1. Allow the banks to help write the bill and make it so complicated and long (848 cyber-pages) that nobody will ever read it, let alone understand it.
2. Forget to add how you're going to pay for the actual implementation of all the new rules and regulations. Make sure that you cut funding right away for such already-cozy and inept groups as the Securities and Exchange Commission and the Commodities Futures Trading Commission so they can't even enforce what's already on the books.
3. Make sure that the real stringent parts -- such as forcing banks to have enough capital on hand to back all their risky bets -- won't take effect for years and years and years. This will allow plenty of time for the financial lobbyists to meet with the Congress critters to whittle away the bill even more, conveniently enabling even more bribery in the form of legal campaign contributions, insider trading tips and other stuff we don't know about yet. (It also allows plenty of time for the too big to exist banks to crash again, but that's another story.)
Dodd-Frank was conceived as an empty threat to the Wall Street mafia. It is/was a PR stunt to appease the ravening Main Street masses thirsty for revenge against the miscreants who crashed an entire economy. It's one more instance of the defacto government policy of being perceived as doing the right thing while doing exactly the opposite behind closed doors.
Big as it was, Dodd-Frank ironically developed a lethal case of anorexia from the moment it was born, suffering from what is known in medical parlance as Failure to Thrive Syndrome. Less than a third of its increasingly emaciated body is actually functioning two years after it squeezed out of the Congressional birth canal. The other two-thirds are either stuck in a constipated clump of corruption, or just poof! disappeared into wherever it is that legislation protecting the hoi polloi goes to die. So I suppose it's all the more pleasantly serendipitous that the Consumer Financial Protection Bureau survived against the lobbying onslaught. Even though its founder (Elizabeth Warren) played the part of sacrificial lamb to get it going.
You can read the entire two-year progress report on Dodd-Frank from the Davis Polk law firm here.According to the watchdog group Sunlight Foundation, there have already been hundreds of meetings held between the big banks, including Goldman Sachs, Morgan Stanley and JP Morgan Chase, and financial regulators on how best to "improve" or otherwise de-fang and de-fund Dodd-Frank.
Since July 21, 2010 (when the president signed Dodd-Frank), regulators at the three major banking regulatory agencies – Treasury, the Fed and the Commodities Futures Trading Commission (CFTC) – have reported meeting with 20 big banks and banking associations on average a combined 12.5 times per week – as compared to on average just 2.3 meetings with reform-oriented groups. The top 20 banks show up 1,298 times in meeting logs at the three agencies, while groups favoring tighter regulations of the financial markets show up just 242 times.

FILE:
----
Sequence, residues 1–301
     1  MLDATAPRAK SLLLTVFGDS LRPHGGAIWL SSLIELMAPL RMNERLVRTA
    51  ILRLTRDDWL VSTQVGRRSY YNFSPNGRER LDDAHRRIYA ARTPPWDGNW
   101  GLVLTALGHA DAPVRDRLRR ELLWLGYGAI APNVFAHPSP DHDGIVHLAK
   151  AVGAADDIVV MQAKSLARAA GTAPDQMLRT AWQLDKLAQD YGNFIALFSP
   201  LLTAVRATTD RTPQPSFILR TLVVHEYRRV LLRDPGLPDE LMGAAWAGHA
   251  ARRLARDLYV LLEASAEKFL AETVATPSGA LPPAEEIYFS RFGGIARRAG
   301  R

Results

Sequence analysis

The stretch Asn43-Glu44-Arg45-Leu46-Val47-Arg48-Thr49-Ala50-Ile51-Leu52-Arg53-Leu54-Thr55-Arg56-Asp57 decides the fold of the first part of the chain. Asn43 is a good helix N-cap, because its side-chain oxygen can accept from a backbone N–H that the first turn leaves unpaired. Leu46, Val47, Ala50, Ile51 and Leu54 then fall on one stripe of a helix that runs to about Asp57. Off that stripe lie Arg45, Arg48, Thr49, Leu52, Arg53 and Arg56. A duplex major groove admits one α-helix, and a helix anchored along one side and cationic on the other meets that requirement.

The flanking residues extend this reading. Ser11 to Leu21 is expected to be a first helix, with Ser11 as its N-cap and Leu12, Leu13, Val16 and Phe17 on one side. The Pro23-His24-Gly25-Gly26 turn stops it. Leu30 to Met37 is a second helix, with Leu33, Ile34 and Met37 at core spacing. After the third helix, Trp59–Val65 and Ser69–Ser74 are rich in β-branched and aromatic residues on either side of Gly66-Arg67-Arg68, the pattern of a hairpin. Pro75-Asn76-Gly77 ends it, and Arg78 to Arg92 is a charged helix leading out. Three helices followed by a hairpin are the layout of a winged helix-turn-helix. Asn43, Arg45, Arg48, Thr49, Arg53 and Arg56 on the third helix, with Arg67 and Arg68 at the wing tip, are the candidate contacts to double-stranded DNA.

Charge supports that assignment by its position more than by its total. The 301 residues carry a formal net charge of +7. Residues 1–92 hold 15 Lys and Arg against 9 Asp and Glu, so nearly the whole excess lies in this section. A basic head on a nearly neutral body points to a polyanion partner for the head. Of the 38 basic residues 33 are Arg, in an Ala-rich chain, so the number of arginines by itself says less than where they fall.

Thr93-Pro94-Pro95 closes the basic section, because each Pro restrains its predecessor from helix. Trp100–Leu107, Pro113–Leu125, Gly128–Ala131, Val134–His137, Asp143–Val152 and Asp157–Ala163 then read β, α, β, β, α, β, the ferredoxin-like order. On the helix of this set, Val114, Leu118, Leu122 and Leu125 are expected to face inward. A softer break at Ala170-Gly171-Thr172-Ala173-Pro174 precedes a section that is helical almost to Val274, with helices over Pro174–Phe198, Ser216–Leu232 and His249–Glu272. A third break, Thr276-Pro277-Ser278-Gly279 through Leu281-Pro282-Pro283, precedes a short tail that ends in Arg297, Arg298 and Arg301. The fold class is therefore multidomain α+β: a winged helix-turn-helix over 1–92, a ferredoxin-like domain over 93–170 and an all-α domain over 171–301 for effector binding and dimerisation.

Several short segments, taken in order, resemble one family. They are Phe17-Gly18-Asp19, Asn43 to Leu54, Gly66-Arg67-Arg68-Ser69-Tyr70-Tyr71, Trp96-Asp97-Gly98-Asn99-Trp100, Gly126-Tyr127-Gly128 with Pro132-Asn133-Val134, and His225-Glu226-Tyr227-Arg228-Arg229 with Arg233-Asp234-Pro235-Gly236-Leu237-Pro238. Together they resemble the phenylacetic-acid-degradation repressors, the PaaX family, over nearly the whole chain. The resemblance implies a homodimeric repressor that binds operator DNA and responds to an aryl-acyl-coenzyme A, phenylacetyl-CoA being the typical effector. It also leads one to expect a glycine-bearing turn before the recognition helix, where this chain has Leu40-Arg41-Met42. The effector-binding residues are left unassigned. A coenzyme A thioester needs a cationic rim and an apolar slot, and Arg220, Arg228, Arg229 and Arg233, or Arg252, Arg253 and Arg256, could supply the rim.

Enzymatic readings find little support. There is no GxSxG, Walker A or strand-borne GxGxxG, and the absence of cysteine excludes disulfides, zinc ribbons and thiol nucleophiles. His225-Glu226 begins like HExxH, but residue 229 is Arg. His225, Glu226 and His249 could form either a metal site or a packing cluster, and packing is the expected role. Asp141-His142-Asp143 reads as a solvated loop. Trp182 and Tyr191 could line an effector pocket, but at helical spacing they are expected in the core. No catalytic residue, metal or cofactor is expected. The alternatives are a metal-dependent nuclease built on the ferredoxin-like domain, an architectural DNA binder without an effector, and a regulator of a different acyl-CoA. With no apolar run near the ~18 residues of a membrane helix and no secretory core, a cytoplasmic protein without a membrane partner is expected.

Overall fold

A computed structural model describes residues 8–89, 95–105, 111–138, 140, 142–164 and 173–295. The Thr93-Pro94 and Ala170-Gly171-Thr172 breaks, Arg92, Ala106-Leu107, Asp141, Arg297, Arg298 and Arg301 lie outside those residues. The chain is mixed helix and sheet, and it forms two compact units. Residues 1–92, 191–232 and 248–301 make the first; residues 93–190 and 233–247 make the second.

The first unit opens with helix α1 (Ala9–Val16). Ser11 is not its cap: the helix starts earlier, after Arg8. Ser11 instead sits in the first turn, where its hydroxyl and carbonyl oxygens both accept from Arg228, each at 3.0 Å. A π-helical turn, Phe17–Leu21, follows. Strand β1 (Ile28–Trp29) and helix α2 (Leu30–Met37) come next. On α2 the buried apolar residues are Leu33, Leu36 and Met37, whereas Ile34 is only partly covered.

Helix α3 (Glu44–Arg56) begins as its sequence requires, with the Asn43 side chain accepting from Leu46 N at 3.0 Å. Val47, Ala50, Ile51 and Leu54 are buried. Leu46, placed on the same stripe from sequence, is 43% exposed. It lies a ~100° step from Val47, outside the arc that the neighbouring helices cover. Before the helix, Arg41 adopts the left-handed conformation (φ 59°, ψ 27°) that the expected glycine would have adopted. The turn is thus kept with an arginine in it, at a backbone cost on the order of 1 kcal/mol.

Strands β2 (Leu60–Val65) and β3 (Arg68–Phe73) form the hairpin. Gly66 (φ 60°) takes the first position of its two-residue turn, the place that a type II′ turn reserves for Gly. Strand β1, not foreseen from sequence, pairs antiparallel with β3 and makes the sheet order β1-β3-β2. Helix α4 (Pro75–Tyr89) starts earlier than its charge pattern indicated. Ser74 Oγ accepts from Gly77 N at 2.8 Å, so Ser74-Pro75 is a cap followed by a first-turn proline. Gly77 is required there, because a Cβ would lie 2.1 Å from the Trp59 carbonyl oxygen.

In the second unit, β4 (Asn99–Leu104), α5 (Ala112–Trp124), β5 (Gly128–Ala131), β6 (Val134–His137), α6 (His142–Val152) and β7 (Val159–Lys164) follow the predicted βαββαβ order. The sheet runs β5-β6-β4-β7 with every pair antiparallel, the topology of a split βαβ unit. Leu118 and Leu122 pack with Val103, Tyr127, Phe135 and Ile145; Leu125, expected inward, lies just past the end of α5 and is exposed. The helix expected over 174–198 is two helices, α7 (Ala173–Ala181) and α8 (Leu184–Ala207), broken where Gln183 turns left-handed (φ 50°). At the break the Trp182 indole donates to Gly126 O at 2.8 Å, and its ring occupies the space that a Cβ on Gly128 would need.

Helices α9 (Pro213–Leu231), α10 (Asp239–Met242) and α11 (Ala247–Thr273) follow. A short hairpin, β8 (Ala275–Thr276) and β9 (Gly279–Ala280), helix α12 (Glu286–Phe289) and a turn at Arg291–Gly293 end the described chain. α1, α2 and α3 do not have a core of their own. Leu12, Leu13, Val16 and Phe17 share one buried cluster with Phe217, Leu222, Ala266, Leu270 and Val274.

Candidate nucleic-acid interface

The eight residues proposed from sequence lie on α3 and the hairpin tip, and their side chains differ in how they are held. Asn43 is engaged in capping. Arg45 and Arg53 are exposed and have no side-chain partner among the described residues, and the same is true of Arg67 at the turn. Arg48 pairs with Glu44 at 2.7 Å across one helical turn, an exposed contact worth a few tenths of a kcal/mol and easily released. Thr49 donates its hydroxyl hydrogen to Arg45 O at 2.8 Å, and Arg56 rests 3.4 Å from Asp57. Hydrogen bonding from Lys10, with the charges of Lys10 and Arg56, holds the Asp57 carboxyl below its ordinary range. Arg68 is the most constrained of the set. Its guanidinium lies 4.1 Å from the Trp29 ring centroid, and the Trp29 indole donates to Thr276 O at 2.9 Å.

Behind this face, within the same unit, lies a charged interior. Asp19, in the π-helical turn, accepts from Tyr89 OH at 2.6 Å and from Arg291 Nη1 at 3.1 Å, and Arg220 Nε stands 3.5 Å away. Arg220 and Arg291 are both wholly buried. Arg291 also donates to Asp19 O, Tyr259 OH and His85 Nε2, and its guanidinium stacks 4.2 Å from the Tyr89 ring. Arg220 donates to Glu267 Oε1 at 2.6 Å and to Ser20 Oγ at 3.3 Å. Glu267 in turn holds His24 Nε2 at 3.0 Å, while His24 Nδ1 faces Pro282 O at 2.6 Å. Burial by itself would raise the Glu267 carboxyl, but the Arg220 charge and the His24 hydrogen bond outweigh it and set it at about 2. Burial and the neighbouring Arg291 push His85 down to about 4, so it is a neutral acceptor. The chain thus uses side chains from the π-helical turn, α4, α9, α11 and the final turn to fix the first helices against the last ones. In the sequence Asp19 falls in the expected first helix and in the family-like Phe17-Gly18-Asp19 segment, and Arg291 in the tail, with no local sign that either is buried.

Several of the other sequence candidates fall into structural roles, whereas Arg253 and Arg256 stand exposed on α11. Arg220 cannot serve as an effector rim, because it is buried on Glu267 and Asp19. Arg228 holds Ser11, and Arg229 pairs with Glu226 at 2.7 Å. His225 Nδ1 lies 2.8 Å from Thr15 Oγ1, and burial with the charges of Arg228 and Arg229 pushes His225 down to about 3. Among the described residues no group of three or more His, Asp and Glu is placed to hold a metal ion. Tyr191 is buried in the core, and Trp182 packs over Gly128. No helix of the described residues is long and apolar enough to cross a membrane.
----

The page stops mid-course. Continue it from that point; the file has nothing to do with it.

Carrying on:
CNN Money quotes former FDIC Commissioner Sheila Bair on the ongoing assault by the banker wankers: "All the lobbyists come in and they want this exception or that exception, and [regulators] are accommodating that and they shouldn't during the financial crisis and its aftermath. They need to just tell these folks no."
Hmmm.... since the "Just Say No" campaign worked so well for the anti-drug movement, I can just imagine how effective it will combating the incurable addiction of insatiable greed. The so-called regulators are nothing more than what used to be called "co-dependents" and what the latest TV ads refer to as addicted enablers. (parents who peer into their kids' room and pretend not to notice the glazed eyes and stashes of pill bottles and rolling papers.)
As a matter of fact, the politicians running for election desperately need what was once touted as "sweeping financial reform" swept right under the rug, because they desperately need the money from the opponents of Dodd-Frank. Take the so-called Volcker Rule, named after former Fed chairman Paul Volcker. It's gone south, following in the footsteps of the man himself, who was banished from President Obama's economic team at the behest of Treasury Sec. Timothy Geithner. The Rule would prohibit banks from making risky bets with customers' money. Had it been implemented, it might have prevented the collapse of MF Global and "loss" of millions of dollars in life savings and pensions of ordinary people.
Meh. The unindicted chief of MF Global is still a major bundler for the Obama Victory Fund. Jon Corzine's main job these days is collecting campaign cash from hedge fund managers who also hate the idea of the Volcker Rule. The plutocratic confidence men need to feel confidence in the unfettered and freely corrupt markets, and there is no politician alive who dares bite the hand that feeds him.
The Volcker Rule, as Sheila Bair so cogently notes, is just one more needlessly complex rule within the doddering Dodd-Frank bundle of complexities: "easy to game and hard to enforce."
But isn't that the whole point? Learn from the resounding half-century of success of all 30 pages of Glass Steagall, and replace it with legislation that is too big to succeed -- ensuring that banks are still too big to fail. Make sure that small banks are unfairly punished for the sins of the big casinos, further paving the way for the gutting of the whole kit and caboodle. It's like the hall of mirrors in a fun house. The result, of course, is that too many people are trapped in the very unfunny chamber of horrors constructed by the rapacious Dr. Moreaus of the financial world -- with continuing maintenance provided by the simpering sycophants in the political sphere. And don't forget the carnival barkers of CNBC and the rest of the corporate media.